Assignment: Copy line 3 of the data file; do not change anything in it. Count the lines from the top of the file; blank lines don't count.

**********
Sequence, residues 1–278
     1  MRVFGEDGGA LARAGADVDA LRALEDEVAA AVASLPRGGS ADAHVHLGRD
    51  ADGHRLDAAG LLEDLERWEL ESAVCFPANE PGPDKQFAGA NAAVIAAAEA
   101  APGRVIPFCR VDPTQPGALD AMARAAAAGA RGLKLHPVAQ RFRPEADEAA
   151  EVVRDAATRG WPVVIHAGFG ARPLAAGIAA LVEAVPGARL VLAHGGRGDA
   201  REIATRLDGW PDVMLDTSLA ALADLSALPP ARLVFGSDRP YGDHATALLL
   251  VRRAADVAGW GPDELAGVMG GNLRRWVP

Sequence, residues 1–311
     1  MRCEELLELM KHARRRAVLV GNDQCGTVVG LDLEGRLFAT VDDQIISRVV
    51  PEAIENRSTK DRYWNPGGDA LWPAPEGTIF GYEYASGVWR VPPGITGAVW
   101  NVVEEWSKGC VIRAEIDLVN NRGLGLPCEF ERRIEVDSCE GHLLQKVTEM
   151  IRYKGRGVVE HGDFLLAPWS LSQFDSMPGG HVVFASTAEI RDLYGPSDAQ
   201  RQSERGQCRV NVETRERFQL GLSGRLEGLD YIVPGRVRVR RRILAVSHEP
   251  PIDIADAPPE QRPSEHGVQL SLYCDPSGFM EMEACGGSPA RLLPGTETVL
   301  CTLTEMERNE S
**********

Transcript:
    51  ADGHRLDAAG LLEDLERWEL ESAVCFPANE PGPDKQFAGA NAAVIAAAEA